Beasley to use "9 out of 10" Bertini WFP savings wheezes
ROME — WFP Executive Director David Beasley has told his predecessor Catherine Bertini he expects to follow “all but one” of 10 recommendations she made for cost savings and management streamlining of the UN agency including a more subdued personal expenditure style of leadership, Ms Bertini disclosed Tuesday. The former WFP ED from 1992 to 2002 and first American to head the agency made the revelation as WFP Chief of Staff James Harvey became the first senior executive to be ousted under Mr Beasley’s leadership though other top managers have been reassured they will not be replaced.
“Before he started his job, he thanked me and said he expected to follow all but one,” Ms Bertini told the Italian Insider when asked which of her recommendations she believes would be implemented. “He would have to advise which.”
Ms Bertini published in an influential blog the following list in March of recommendations for the new ED of the Rome-based agency, including ‘not going home on the company’s dime’ and ‘do not take the housing allowance.’ Former WFP ED Ertharin Cousin sparked controversy when she travelled home to Chicago for Thanksgiving at WFP expense while former IFAD president Kanayo Nwanze set off a furore when the Italian Insider disclosed his palatial villa on the Appian Way was costing donors as much as 300,000 euros a year.
Ms Bertini’s ten ‘DAY ONE’ recommendations were:
— “Do not fill all five of the next level “assistant secretary general ASG” positions in the organization. Comparable organizations (UNHCR and UNICEF) operate similarly large, complex programs with three and four posts respectively at the assistant secretary general level (ASG). The WFP Executive Director can immediately save money and streamline his/her organizational structure by limiting the organization to three of the authorized positions.
— “Appoint only one of your ASGs as your deputy. Management lines are simpler and more efficient with one deputy. Every single time an executive director has appointed multiple deputies, the organization has wasted time and money with little rivalries that build up.
— Choose the deputy from another region of the world with vast management experience and operational knowledge and in whom you have great confidence. That person needs to manage the organization as much if not more so than you do.
— Make sure the person who runs your immediate office comes from inside the organization. You have a big enough learning curve as it is; learn faster by having an experienced professional next to you. It also helps to bring one colleague who knows YOU, for a posting elsewhere in your office.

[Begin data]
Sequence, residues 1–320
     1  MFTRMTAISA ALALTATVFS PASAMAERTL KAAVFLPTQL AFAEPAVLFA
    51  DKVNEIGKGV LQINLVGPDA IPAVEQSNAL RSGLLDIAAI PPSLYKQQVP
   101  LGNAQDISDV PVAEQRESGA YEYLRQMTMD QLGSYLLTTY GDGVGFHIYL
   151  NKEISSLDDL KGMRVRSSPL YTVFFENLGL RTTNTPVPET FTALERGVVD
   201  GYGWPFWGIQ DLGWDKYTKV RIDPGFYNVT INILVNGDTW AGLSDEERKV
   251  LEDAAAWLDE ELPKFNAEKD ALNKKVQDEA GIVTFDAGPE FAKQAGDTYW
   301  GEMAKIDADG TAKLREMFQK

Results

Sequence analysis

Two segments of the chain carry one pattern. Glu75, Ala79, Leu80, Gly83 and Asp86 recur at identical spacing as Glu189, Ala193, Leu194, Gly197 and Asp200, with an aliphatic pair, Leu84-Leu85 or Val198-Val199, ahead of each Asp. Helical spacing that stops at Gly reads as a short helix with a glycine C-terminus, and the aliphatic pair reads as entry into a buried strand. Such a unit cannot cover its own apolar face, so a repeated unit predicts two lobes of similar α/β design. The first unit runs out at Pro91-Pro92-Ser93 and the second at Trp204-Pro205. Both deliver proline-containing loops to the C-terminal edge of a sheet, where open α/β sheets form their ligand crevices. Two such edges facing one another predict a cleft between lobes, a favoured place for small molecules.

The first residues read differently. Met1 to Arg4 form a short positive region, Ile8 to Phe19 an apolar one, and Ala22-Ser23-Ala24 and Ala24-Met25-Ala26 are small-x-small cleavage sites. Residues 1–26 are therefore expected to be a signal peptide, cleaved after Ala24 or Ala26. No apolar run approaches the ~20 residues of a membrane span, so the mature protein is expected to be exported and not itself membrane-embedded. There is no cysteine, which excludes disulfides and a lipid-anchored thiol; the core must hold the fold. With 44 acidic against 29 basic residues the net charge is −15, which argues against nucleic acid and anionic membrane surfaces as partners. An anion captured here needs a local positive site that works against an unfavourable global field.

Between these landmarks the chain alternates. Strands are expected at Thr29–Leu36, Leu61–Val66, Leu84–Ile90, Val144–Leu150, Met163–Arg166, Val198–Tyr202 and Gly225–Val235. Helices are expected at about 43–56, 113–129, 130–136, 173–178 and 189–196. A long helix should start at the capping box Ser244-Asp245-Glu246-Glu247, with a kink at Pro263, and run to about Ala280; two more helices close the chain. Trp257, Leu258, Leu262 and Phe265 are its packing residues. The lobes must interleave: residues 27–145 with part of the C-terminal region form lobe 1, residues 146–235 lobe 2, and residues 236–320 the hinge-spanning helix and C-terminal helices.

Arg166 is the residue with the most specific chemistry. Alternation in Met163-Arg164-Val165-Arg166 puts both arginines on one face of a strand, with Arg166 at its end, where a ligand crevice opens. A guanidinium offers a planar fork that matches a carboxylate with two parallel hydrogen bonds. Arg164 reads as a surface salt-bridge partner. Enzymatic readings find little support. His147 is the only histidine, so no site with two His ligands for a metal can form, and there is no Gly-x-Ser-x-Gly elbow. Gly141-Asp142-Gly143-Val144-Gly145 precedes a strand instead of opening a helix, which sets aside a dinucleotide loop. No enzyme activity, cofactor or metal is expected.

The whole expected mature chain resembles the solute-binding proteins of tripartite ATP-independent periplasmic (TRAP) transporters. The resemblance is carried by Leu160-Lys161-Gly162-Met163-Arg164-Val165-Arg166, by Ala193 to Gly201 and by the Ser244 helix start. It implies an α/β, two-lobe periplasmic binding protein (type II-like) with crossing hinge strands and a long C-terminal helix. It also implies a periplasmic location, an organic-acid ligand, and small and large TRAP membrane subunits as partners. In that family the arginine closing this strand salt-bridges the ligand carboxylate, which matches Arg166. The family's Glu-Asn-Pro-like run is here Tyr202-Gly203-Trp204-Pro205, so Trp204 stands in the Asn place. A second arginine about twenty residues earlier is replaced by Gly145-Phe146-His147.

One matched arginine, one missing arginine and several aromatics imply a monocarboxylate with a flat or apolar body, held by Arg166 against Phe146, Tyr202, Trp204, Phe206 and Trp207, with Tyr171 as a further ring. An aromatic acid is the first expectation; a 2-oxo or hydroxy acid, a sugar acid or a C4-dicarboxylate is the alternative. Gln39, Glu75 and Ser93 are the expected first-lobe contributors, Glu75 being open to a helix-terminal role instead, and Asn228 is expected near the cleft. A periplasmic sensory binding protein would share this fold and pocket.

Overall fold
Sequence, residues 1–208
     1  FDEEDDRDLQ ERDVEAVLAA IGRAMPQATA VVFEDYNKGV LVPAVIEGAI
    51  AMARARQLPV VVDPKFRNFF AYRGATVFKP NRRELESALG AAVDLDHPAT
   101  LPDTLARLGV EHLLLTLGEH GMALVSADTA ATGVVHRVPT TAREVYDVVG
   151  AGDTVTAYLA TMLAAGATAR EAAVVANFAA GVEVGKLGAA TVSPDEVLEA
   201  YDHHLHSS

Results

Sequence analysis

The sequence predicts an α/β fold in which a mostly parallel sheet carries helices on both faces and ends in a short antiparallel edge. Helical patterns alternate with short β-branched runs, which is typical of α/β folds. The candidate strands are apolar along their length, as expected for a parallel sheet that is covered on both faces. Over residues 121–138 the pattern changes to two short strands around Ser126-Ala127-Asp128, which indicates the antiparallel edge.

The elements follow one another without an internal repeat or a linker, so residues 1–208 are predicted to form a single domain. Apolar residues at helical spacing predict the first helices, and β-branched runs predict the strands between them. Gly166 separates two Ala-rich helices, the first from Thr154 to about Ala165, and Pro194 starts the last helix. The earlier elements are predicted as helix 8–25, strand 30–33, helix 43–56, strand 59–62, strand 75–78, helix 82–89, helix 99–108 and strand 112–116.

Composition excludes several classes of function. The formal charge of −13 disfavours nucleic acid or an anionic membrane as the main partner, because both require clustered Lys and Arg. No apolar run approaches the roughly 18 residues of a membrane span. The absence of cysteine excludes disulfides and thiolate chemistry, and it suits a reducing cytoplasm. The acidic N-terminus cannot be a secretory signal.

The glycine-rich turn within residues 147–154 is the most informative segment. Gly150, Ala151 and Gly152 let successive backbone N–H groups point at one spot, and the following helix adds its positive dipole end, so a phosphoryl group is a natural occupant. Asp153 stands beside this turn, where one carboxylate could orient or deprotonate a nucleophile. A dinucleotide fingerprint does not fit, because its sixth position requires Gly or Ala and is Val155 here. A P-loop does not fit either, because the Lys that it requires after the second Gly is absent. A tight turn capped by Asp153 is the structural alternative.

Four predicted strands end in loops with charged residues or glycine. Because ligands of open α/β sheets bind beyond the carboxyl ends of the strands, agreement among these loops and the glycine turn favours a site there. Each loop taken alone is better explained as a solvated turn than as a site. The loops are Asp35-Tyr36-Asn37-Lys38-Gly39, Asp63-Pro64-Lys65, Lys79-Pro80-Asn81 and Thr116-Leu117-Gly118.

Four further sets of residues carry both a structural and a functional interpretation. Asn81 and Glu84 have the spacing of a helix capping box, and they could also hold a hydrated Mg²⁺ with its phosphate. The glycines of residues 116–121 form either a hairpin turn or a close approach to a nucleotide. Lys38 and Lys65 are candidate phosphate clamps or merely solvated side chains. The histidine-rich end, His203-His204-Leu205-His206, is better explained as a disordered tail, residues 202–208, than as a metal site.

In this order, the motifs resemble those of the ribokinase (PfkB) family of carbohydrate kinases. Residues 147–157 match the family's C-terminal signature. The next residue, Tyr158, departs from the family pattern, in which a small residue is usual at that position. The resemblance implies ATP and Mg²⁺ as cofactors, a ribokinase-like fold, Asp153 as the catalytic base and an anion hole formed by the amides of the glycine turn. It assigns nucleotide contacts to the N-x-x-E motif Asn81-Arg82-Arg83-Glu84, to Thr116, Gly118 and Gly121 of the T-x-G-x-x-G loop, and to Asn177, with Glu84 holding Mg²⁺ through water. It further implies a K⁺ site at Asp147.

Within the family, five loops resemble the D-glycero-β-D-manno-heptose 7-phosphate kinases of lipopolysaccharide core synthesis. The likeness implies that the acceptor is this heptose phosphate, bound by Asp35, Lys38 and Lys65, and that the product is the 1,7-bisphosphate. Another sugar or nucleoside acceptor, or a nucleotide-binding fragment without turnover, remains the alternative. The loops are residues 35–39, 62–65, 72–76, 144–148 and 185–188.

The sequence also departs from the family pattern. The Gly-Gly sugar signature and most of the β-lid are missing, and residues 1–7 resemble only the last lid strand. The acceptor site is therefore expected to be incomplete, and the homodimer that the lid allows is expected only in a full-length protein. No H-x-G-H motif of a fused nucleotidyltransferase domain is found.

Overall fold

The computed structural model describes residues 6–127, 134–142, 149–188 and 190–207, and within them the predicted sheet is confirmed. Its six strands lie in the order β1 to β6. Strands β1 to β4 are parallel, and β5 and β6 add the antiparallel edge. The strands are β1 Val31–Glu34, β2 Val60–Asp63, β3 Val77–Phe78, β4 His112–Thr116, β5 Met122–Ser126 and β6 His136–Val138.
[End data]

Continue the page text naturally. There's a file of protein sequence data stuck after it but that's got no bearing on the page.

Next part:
— Commit to your staff to run an efficient, transparent, and fair human resources system worldwide.
— Reestablish a system of competitive hiring of entry-level international staff, thus limiting the “you have to know someone” process of hiring and ensuring equity and stability for staff.
— Follow the UN rules on limited hiring of retirees who already receive pensions.
— Rotate staff through dangerous duty stations; staying too long impedes a person’s effectiveness, health and safety. Redeploy as many headquarters staff as possible to the immense challenges in the field.
— Carefully monitor your own and others’ travel; do not go home on the company’s dime.
— Do not take the housing allowance. Your peers who are based in New York City, including the head of UNICEF, receive little if any housing allowances, even though the cost of living is much higher there than in Rome.”
“However, for the last 15 years, the WFP Executive Director has received thousands of dollars per month for housing, in addition to a salary like that of a cabinet secretary (and tax-free), an entertainment allowance, and transportation for all business matters in Rome. The leader of an organization designated to feed the poorest, hungriest people on earth does not also need housing provided,” Ms Bertini said.
Ms Bertini is a Lugar Center Affiliated Expert and served as the Executive Director of the World Food Program from 1992-2002.
Against this background Mr Beasley has indicated he will retain most top executives in place at WFP with the evident exception of Chief of Staff James Harvey, a Briton who like many senior UN food agency executives with a diplomatic background used his position as British Ambassador to the UN food agencies in Rome from 2007 to 2012 as a trampoline to obtain a well-paid position in one of the agencies whose performance he was monitoring. Mr Harvey is due to move on from the end of this month, WFP sources say.
Mr Harvey, believed to be close to retirement in any case, became ambassador after a long career at the UK Department for International Development and an honors degree in agriculture. He had his post at WFP upgraded by Ms Cousin in 2015 to Assistant Secretary General in 2015.
It is not yet known who will replace him as chief of staff though his departure could fulfill the Bertini suggestion of having fewer ASGs, WFP watchers say.